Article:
The 1960s Gospel Hit That Defined a Genre and an Era

Recorded in the Wake of the Birmingham Bombing, the Faith-Fueled Power of ‘Peace Be Still’ Endures Today

“Peace Be Still,” a six-minute-long hymn, swept gospel radio in 1963.

Recorded just four days after the devastating bombing of the Sixteenth Street Baptist Church in Birmingham, Alabama, it became an instant classic, selling nearly a million copies to an overwhelmingly Black audience over the next decade.

Inducted into the Grammy Hall of Fame in 1999 and the National Recording Registry at the Library of Congress in 2004, “Peace Be Still”—the title track on a collaboration between the Angelic Choir of the First Baptist Church of Nutley, New Jersey, and the “King …

How Baseball Got Its Groove Back in the Turbulent 1960s

New Franchises, Colorful Characters, and the Miracle Mets Gave Life to a Sport Grown Stodgy

When examining American history of the late 1960s, one is often tempted to gravitate toward the foreign and domestic strife fostered by the war in Vietnam, the ongoing struggle for …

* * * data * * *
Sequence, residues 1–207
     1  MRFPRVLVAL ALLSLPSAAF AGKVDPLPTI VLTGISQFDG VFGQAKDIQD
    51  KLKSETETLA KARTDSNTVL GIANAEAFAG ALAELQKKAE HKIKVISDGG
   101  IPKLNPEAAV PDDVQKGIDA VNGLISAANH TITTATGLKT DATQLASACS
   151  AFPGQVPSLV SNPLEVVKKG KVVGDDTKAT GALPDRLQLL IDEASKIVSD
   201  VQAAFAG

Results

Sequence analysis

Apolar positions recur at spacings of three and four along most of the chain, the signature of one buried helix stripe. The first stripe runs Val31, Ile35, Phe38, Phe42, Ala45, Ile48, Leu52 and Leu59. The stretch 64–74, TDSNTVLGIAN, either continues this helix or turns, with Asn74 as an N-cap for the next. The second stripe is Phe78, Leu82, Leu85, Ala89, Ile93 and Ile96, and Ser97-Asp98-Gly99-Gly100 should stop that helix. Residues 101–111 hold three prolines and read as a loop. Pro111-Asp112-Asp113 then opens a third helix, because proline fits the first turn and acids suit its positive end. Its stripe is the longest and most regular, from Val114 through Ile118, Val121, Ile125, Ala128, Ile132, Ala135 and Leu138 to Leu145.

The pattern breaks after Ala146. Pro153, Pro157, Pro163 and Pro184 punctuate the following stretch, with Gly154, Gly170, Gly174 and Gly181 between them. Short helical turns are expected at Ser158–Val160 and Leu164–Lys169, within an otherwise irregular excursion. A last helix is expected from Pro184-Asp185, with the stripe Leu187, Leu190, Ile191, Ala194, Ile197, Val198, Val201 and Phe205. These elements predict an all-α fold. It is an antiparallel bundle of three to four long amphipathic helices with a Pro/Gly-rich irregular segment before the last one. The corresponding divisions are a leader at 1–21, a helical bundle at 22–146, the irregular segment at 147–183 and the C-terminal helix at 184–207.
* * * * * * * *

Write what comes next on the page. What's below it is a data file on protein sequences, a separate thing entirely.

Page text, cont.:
Long Before It Was Groovy, LSD Was a Medicine and a Weapon

How the Positive Side of Psychedelic Drugs Got Lost in the Mayhem of the 1960s

In the fall of 1965, a 33-year-old father of three named Arthur King—a patient in the alcoholics ward at Baltimore’s Spring Grove Hospital—swallowed an LSD pill and lay back on …

Pinkos in Red Tights

Remembering the SoCal Eccentrics Who Launched the Modern-Day Renaissance Faire

The “Renaissance Faire” as we know it began in 1963—in California. It couldn’t have come from anyplace else.

Contemporary Renaissance faires like The Original Renaissance Pleasure Faire, which begins in Irwindale …